A lot is made of the decline of traditional publishing but I actually think the only business within the publishing industry under threat is the vanity publisher. Self-publishing progression and increased popularity has left even new authors far more savvy than ever before. As someone who first published their first book via Lulu because upfront costs were out of my reach, my company’s version of a hybrid publishing model addressed the concept of upfront fees and vanity as requisite. It’s a submission-based alternative, but our costs, from the intervention of our expertise in all areas of production and beyond, are recouped post-release, from the sales of the first 75 copies. After that, from copy 76 and beyond, we pay a royalty of 30% of the book’s list price – well above the traditional publisher’s average of 10% – 17.5%, and nearer the self-publisher’s return after printing and production costs. Most people have friends or family that will buy their first copies, so sale 76 comes round pretty quickly! And, of course, as a business within the industry, we vet the submissions to books we believe will sell. We’re carrying an awful lot of risk for the expertise we’re investing in the author, but we hope that this nurturing, fair hybrid solution will encourage them to stay with us for book number two, and three, and so on.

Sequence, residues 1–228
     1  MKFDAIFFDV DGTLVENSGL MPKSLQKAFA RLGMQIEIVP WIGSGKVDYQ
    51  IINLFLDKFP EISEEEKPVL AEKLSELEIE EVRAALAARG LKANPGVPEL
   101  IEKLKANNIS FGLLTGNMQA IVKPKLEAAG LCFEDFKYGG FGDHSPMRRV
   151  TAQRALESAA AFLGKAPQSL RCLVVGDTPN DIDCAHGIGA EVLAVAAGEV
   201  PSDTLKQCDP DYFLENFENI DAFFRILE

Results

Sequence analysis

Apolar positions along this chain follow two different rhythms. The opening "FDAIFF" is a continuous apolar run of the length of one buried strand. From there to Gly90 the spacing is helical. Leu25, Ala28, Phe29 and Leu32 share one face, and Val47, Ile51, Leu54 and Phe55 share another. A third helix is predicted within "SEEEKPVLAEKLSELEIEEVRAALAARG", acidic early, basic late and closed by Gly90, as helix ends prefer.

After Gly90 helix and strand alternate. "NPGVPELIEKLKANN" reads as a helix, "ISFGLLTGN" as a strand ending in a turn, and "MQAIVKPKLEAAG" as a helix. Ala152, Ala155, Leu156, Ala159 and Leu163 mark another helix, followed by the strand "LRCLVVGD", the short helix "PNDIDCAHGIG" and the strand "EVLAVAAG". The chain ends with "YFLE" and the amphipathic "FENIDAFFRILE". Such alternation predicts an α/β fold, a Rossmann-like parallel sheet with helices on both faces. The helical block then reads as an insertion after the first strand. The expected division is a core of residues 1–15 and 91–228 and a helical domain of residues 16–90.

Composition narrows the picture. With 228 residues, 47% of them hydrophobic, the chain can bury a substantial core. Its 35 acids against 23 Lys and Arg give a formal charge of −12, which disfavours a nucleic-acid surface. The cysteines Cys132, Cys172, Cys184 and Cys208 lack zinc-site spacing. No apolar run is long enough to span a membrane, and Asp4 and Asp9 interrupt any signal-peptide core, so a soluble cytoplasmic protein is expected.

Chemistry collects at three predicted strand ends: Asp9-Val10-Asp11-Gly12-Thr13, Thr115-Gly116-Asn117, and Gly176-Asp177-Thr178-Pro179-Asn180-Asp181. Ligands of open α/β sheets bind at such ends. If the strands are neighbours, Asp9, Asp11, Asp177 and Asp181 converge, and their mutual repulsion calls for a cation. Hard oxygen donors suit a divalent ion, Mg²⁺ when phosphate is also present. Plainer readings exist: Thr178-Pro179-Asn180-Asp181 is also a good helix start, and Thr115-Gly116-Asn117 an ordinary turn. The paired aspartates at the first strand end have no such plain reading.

We just want to provide a home for the square pegs and new/alternative genres traditional publishers stay away from; although we won’t publish poor quality books, we’re definitely more open-minded and accepting of topic. The only thing we won’t budge on is the quality of what we publish. We’re only six-months old as a company, but we’ve big plans and a wholly author-centric approach. 🙂